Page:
The "Science" of Complex Systems

Since the mid-1980s, there has been explosive development in a broad area variously called by such epithets as "Complexity Studies", "Complex Adaptive Systems", or "Non-Linear Dynamics". It is no coincidence that this arose just as powerful computers were becoming widely available, since although some of the relevant phenomena had been discovered by Poincaré in 1890, it was only their demonstration in computer models that raised them to widespread attention. Edward Lorenz's seminal (re-)discovery of the "butterfly effect" in 1961/2 came through re-running weather simulations on an early computer, when he found that the model showed "sensitive dependence on initial conditions". Such sensitivity came to be understood as the defining characteristic of "chaos", as popularised in a famous 1987 book by James Gleick: Chaos: Making a New Science.

Tractability, Availability, and the Limits of Imagination

Sensitive dependence on initial conditions can very easily be demonstrated, even with simple linear equations, by including a discontinuity at an appropriate point. Thus for example if x is a value between 0 and 1, iterative mapping of x to the fractional part of 10x will map 0.14159... to 0.4159..., then 0.159..., then 0.59... (so the path of 0.14178... will separate at the fourth stage, corresponding to the decimal place where it differs, mapping to 0.78... rather than 0.59...). Such sensitive dependence becomes ubiquitous in many systems of non-linear equations, as Poincaré had discovered in his work on the "three body problem". These points make it all the more striking how little theoretical attention was paid to "chaotic" phenomena prior to the computer age. One plausible explanation for this is simply the sheer intractability of such phenomena without computational assistance: it made more sense for scientists to devote their careers to phenomena governed by linear equations, which are far more manageable and crucially tend to be decomposable (because combinations of linearly governed effects are themselves linear).

The realistic prospect of progress acts as a powerful focus of scientific attention. But also, in turn, if a particular focus is shared by the scientific community as a whole, then it becomes hard even to imagine possibilities outside that paradigm. Thus the predominant focus on linear, decomposable systems naturally gave rise to a paradigmatic view of science as proceeding by "reductionist" decomposition of apparently complex phenonema into relatively simple components. It was only the development of widely available computers (and, especially, their accompaniment with graphical displays) that forced non-reducible, non-linear, and more holistically complex phenomena into the limelight, making them impossible to ignore while simultaneously providing a new tool for their investigation. The consequent explosive growth of "Complexity Studies", with its spawning of numerous high-powered research groups around the world, thus provides both a fascinating case-study for the sociologist of science, and a rare opportunity for the philosopher of science to witness – and even to participate in – the breaking and forging of new paradigms.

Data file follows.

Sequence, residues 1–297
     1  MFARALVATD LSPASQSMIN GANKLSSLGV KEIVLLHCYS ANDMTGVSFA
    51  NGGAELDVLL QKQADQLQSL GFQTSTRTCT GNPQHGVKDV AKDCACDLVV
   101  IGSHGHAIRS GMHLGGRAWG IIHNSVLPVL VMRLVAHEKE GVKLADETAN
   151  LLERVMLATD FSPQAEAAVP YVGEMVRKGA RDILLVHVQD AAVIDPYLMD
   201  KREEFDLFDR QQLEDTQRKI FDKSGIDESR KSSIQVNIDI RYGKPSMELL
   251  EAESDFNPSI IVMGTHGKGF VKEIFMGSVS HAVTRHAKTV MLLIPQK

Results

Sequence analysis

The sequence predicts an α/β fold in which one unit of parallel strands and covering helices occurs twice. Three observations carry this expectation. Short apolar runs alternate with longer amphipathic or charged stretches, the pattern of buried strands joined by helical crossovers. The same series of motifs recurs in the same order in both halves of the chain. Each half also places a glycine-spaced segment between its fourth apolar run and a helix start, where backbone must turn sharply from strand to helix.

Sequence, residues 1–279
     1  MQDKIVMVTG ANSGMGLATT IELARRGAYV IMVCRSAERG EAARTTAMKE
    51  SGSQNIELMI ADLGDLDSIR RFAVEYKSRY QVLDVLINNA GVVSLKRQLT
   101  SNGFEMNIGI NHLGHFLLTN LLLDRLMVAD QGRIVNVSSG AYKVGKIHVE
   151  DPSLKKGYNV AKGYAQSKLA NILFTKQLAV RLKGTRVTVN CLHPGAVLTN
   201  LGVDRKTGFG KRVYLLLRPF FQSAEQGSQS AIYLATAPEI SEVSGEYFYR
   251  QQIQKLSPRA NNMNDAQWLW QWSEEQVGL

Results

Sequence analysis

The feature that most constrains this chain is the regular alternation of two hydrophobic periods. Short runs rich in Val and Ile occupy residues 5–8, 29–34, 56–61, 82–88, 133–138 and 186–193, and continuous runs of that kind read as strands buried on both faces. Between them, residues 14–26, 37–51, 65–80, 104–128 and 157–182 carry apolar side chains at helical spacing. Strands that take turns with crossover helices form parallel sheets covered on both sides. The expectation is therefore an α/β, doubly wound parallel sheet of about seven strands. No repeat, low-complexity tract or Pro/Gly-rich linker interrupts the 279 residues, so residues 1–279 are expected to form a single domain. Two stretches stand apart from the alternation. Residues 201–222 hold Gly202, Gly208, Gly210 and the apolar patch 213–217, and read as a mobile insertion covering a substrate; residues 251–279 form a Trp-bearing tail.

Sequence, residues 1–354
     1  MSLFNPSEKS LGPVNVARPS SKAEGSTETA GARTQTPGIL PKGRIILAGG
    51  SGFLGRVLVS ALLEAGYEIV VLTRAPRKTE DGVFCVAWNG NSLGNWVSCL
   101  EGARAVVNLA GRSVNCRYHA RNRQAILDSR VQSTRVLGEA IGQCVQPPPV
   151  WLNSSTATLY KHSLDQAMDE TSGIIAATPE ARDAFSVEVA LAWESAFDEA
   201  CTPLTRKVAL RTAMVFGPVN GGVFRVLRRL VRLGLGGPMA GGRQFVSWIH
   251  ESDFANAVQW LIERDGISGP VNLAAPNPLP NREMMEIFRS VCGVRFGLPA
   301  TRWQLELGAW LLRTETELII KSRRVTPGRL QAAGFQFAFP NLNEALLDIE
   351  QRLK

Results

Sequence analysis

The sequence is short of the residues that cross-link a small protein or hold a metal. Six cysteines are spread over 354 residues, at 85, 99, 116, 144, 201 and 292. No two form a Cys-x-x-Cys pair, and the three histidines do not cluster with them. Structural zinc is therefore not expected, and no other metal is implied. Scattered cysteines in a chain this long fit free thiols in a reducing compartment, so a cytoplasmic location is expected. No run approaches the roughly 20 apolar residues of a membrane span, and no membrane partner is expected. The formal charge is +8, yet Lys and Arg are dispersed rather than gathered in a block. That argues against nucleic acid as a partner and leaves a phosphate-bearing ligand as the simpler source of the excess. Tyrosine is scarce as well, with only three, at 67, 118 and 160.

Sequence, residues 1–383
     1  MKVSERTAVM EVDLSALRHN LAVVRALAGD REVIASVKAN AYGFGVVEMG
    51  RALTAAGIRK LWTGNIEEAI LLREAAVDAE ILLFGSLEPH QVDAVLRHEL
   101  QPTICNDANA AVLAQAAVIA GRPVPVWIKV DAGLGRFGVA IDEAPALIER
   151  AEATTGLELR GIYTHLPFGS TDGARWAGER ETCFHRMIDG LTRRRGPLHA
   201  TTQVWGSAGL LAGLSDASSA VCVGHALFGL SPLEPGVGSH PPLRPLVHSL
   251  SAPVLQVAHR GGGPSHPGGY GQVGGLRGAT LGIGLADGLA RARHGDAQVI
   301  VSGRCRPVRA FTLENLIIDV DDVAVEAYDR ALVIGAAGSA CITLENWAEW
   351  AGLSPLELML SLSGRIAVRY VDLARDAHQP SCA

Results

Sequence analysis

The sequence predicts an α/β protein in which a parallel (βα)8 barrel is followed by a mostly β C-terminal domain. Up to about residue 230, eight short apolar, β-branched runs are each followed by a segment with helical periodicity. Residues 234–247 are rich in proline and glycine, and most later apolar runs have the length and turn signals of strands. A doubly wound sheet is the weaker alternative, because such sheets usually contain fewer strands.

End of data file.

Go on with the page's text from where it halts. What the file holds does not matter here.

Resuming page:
A Sceptical Note

All this does not imply any wholehearted joining of the "Complexity Science" bandwagon, with its suggestion that we have here a new science in the making. On the contrary, if it is true that scientific attention has hitherto been paid to a relatively narrow range of phenomena, this makes it a priori rather unlikely that everything remaining outside that range will fit comfortably into a single "science". (Perhaps in a few generations the study of "non-linear systems" will seem as quaint as "non-integer mathematics" or "non-air gases"!) The sceptical voices (such as Giorgio Israel, 2005) might prove to be right in questioning the prospects for satisfying unification of what currently passes under the name of "Complexity Studies". But such controversies should obviously attract, rather than repel, philosophers of science. Whether unification can be achieved or not, very important developments are going on here, with real prospects of permanently changing the scientific landscape over a wide range of disciplines. And the computer is the key tool that has made this possible.

Illustration of the Mandelbrot Set

Illustration of the Mandelbrot Set, a famous example of "chaos"